I knit. And I cook, write, take pictures. All for one low price.

Thursday, October 29, 2009

a child's sweater

About a year ago, Blue Sky Alpacas donated a bunch of their superbulky alpaca/merino blend to Afghans for Afghans, to pass along to knitters who'd be willing to make a garment. I got some of the yarn, missed the deadline for knitting at the time and felt miserable about it.
Another deadline came up and I finally managed to finish the sweater up yesterday and mailed it out to them.
The age group they are delivering warm winter garments and accessories to this time is 7-14, and I am hoping this 34" chest size will fit and warm an Afghani child.
I used 10 skeins and so the sweater weighed one kilo, that's over 2 lbs - nice and heavy.

Size 15 needles yielded a gauge of 2 sts/in. I didn't follow a pattern, but I checked my measurements against some size charts.

Monday, October 26, 2009

FO: handspun mittens, and some plying action

I finally finished a pair of mittens for myself the other day where all that was missing were the thumbs. I guess the recent cold weather nudged me along. These are the first complete project with my own handspun. I don't even remember where I got the fiber, but I think it was a 2 oz Grafton Fibers batt I got ages ago. The yarn came out very soft to the touch and vibrant in color, and I used up almost every bit of it.

I didn't have the sense to wash the skein first, so some of the stitches show a distinct slant. So much need to learn.
Which brings me to...the lovely spinning group I got to visit with on Friday. Kay* met me in a parking lot 20 minutes from the meeting point, so I could follow her and not get lost, according to her words.
Well I may have gotten lost. We were meeting at "Fred's" and I had no clue who Fred was.
Let me tell you. After about a 20 minute drive through the most picturesque landscape around Crooked Lake, we suddenly turn left at a driveway that was studded with faded plastic flamingoes. The small parking lot was generous enough to hold about 10 cars; we were the first ones to arrive. There was some ornate scrolled iron lawn furniture outside of a long rectangular building. A mailman looked like he was stuck head first in the grass -- I liked this place. Impromptu art everywhere. The mailman turned out to be the bottom half of a mannequin complete with an old mailman's trousers and shoes. I guess he had delivered one bill too many....
When we entered, we were greeted by
a) a roaring fire in the world's biggest fireplace
b) an aging dog
c) the delicious scent of freshly roasted coffee
d) and Fred himself.
We were inside a coffee roaster's. There were cafe tables strewn about and bistro chairs. Old overstuffed chairs and sofas, one of which was on a stage (!) on the other end of the room. There were canisters of coffee and tea, brownies, coffeecakes, and cupcakes under domed lids. Antiques on shelves and handmade pottery.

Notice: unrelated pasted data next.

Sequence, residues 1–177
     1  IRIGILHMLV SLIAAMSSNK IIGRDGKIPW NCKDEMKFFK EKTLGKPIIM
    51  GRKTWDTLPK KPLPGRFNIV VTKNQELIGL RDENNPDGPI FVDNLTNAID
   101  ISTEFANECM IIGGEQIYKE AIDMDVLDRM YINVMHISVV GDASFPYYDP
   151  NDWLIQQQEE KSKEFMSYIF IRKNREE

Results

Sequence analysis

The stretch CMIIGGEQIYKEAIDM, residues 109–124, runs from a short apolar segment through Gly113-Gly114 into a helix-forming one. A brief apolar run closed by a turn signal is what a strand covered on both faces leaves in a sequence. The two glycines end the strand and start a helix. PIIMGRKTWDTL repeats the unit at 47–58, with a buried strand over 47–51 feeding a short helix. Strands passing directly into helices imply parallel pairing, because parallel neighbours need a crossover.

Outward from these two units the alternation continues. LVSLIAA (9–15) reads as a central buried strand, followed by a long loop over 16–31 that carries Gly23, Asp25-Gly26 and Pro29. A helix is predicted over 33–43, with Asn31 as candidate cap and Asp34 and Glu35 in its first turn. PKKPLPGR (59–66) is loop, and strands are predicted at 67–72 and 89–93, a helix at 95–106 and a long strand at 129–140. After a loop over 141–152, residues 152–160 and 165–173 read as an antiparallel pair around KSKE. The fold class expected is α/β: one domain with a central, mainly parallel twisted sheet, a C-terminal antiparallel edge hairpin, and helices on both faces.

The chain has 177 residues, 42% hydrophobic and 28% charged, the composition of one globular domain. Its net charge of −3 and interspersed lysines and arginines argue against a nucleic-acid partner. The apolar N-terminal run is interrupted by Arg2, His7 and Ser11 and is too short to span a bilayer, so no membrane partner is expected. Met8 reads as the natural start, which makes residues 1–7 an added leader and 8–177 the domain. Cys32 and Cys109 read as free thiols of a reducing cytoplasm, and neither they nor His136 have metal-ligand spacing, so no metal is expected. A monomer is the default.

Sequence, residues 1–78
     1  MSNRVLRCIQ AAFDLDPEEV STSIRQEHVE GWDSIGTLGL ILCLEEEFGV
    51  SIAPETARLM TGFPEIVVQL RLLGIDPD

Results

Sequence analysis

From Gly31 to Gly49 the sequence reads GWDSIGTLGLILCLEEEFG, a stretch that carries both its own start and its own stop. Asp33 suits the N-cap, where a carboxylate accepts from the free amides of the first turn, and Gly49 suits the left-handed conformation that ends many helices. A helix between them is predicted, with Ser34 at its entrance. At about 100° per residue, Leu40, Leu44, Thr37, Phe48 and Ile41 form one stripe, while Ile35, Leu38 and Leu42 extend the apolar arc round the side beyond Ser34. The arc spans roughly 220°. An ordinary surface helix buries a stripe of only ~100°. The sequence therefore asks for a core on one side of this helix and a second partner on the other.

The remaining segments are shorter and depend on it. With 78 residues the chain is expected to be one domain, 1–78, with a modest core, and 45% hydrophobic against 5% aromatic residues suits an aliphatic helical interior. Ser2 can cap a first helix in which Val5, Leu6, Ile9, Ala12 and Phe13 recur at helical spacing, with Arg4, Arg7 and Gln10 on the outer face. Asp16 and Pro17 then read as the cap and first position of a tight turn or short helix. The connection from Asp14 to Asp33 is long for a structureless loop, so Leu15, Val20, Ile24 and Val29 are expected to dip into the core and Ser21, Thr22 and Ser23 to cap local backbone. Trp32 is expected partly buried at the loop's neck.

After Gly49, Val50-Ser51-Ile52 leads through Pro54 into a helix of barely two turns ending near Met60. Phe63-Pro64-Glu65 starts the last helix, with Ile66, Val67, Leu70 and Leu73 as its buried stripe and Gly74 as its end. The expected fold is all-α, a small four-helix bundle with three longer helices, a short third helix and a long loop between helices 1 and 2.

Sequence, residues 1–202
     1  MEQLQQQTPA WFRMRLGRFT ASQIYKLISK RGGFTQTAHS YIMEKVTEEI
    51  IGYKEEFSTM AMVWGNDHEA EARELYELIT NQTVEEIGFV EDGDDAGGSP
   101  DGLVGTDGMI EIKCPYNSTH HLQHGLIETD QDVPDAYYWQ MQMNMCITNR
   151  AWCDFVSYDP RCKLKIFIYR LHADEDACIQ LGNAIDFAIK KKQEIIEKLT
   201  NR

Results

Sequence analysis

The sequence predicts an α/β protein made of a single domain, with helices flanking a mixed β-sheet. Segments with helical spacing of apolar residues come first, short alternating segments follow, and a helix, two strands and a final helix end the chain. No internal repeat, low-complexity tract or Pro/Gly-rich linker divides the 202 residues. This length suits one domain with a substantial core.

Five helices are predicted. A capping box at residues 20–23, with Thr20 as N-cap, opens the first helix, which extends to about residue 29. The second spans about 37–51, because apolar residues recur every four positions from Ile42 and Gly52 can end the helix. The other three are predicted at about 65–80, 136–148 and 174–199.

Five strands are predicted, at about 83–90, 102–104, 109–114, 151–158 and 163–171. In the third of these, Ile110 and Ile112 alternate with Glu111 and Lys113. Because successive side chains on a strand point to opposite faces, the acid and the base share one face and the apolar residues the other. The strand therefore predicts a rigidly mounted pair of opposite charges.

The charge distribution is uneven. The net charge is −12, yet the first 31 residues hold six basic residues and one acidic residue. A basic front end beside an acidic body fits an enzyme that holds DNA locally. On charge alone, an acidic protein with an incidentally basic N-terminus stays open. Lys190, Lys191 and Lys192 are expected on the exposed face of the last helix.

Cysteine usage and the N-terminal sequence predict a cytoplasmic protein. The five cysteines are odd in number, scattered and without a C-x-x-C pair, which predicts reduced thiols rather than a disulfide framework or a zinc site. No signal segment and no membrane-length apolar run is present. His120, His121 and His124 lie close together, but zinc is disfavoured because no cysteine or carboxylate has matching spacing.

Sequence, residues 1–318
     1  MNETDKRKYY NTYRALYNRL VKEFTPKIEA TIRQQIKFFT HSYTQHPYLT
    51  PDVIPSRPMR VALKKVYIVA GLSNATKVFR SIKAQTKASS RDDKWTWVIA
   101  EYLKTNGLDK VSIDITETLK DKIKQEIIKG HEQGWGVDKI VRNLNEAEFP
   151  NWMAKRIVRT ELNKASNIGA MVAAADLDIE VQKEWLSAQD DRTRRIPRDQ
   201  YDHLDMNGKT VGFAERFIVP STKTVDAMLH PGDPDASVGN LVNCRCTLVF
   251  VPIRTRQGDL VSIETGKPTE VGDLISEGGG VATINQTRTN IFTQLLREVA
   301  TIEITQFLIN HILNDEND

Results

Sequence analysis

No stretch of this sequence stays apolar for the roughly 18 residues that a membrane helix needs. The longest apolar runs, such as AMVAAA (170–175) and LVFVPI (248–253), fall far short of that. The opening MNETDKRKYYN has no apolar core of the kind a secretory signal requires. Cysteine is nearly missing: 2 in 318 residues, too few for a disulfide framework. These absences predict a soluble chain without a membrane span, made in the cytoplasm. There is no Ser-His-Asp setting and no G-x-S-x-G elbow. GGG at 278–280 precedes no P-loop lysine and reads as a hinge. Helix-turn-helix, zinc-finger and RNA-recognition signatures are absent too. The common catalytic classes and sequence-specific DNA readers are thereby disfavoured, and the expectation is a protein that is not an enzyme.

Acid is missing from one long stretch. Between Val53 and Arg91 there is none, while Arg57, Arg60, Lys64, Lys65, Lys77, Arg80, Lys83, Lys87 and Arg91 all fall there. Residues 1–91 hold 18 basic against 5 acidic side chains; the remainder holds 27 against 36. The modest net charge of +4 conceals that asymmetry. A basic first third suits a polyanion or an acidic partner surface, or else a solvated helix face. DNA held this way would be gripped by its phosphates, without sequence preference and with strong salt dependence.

As the spinners and knitters were filing in with their wheels, fiber, and various bags of accessories, everybody
felt at home and made me feel at home. I had been very nervous since it was my first outing at a spinning group, and these were mostly seasoned spinners. But it turned out that I knew at least half of them already, from when I had my shop, from other shops, and from fiber festivals.
Much chatting, spinning, knitting, plying, and even occasional singing ensued. One person brought a partially assembled wheel that was not engaging, and we now know that it takes 5 spinners and a headlamp to assemble the final parts. (Don't ask. I couldn't explain it to you. But the wheel was soon whirring away.)
Meanwhile I was spinning up what I had left of some roving, as this was the day I was finally going to learn how to ply properly. Laurie* pulled out her Katie a go go (OK I admit I googled this later) and got me set up. Only I had so much yarn on my bobbins there was not enough time for me to ply it all. Looks like I'm going to have to get me one of these nifty lazy kates....for all these singles I have on the bobbins that I didn't know what to do with. Laurie also explained how I can make a lazy kate for about a dollar, but then she spoiled me with the best tool and now I feel like there is no going back.
However a week from Friday, I'm going back to Fred's. How can I not? His last name is Cashmere.
PS: *you can see Kay and Laurie in pictures here.

Friday, October 9, 2009

Photography Exhibit

Yesterday, I re-visited a photography exhibit by my friend Laura Glazer. I've been meaning to go back to the Little Gallery in Rathbone Hall on the Sage Campus in Albany, NY. I've been meaning to blog about it so more people would hopefully go and take a look at this astonishing project.

My only comfort now is knowing that the story is ongoing still, that there will be a book, and hopefully more exhibits as time goes on.

Leaf Prints on the walk to the gallery.

The floor in the exhibit room.
How does one take pictures (with the permission of the artist!) of some of the most exquisite photographs? I am forever fascinated by lines (of writing, knitting), and this exhibit captivated me.

View from the gallery entrance.
Please run over there today if you're in the area. They are open from 12 to 4. Otherwise, keep checking Laura's blog to find out more, and clamor for another exhibit!